Atherton council: No interest in outsourcing cops | May 28, 2014 | Almanac | Almanac Online |

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News - May 28, 2014

Atherton council: No interest in outsourcing cops

by Barbara Wood

Atherton City Council members began their review of the town's 2014-15 budget at their May 21 meeting by making it clear there is one project in the budget report they have absolutely no interest in — a study of outsourcing the town's police services.

While the council didn't vote on a study of outsourcing, they did discuss it as part of preliminary budget considerations.

In his budget report, City Manager George Rodericks wrote that while there seems to be strong support of the town's current independent police department, "if the Council were interested in evaluating the possibility of a turn-key alternative service delivery model," such as hiring the San Mateo County Sheriff's Office to do Atherton's policing, the town might hire "an independent 3rd party consultant to evaluate the pros and cons of such a model."

No thanks, council members said. "There is absolutely no doubt in my mind that the residents in this town will not support an outsourcing option," said Councilman Rick DeGolia. With the town in good financial shape, "I see absolutely no reason to waste our economic and time resources" on researching outsourcing, he said.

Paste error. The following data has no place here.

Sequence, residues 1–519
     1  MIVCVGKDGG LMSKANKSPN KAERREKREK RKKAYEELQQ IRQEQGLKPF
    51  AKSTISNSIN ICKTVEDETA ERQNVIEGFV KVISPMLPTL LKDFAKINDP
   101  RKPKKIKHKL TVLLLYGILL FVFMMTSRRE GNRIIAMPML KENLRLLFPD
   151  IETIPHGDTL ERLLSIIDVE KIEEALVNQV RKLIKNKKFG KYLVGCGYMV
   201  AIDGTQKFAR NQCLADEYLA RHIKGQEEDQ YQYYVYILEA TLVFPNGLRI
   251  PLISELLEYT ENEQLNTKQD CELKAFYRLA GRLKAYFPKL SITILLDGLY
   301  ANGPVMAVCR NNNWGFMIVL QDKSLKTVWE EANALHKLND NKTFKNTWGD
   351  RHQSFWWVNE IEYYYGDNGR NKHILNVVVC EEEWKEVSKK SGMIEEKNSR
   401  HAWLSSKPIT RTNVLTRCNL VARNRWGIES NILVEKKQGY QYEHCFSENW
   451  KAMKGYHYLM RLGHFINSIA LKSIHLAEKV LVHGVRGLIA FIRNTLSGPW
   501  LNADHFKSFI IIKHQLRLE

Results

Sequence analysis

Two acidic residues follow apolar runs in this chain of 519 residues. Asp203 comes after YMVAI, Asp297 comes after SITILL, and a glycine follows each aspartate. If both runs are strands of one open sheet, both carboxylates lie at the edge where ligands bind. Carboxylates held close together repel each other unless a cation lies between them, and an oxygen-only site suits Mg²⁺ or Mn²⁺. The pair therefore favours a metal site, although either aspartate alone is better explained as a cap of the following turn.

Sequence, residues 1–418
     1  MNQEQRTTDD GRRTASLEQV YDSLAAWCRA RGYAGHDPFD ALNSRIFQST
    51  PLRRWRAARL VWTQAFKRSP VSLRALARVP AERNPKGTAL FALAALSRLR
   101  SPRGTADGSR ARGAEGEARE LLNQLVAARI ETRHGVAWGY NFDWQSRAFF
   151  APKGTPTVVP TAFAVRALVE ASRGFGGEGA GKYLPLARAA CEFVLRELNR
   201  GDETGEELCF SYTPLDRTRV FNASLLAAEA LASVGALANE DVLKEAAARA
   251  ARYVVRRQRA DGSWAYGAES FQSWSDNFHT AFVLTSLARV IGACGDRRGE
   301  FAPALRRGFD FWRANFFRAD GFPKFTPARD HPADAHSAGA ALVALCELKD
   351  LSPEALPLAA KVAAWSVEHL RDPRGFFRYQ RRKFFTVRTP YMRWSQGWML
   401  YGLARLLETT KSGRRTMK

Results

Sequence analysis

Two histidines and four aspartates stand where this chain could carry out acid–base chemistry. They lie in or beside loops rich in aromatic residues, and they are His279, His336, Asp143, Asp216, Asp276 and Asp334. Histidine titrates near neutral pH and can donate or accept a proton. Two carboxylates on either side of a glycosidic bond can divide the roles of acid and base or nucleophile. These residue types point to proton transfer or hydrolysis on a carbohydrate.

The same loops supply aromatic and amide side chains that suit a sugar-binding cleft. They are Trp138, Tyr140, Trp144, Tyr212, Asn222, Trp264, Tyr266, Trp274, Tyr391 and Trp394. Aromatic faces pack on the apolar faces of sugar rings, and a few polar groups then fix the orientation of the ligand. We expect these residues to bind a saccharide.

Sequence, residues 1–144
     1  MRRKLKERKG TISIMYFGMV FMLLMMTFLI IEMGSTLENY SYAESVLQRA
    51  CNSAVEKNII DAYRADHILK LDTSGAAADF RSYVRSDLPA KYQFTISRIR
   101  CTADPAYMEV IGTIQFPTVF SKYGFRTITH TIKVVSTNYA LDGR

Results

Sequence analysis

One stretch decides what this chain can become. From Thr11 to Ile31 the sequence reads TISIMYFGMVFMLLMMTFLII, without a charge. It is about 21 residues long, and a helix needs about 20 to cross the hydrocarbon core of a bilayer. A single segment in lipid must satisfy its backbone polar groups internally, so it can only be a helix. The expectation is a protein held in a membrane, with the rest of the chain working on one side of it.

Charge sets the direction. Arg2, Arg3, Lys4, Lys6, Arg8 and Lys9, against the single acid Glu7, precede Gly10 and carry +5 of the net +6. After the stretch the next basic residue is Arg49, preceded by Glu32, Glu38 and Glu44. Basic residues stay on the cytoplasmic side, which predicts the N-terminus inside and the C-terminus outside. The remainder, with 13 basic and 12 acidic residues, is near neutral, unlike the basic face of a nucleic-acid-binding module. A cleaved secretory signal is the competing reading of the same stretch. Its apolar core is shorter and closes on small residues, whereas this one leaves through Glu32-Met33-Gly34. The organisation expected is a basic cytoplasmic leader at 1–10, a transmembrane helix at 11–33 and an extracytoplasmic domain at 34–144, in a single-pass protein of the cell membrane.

The three other council members agreed.

For the second consecutive year, Atherton has a positive financial outlook, with a small budget surplus. The surplus exists even though City Manager Rodericks has pulled two sources of revenue out of the general fund and wants them available only for capital improvements or paying down long-term liabilities.

One of those resources is the town's parcel tax, which produces $1.8 million a year. In the past, 60 percent of that money has gone into the general fund to support police services; but this year Mr. Rodericks is suggesting that only 20 percent, $350,000, go specifically to pay for police services, to hire two additional officers.

The other pulled resource is state funding from the Educational Revenue Augmentation Fund (ERAF), which Mr. Rodericks says could be reduced or eliminated at any time by state lawmakers. Last year Atherton received nearly $1 million from this fund, and this year has budgeted $700,000.

The budget discussions will continue at a study session on Wednesday, June 4, from 4 to 6 p.m., in the Council Chambers at94 Ashfield Road, in the Town Center.

Go to tinyurl.com/Ath-21 to see the budget report.

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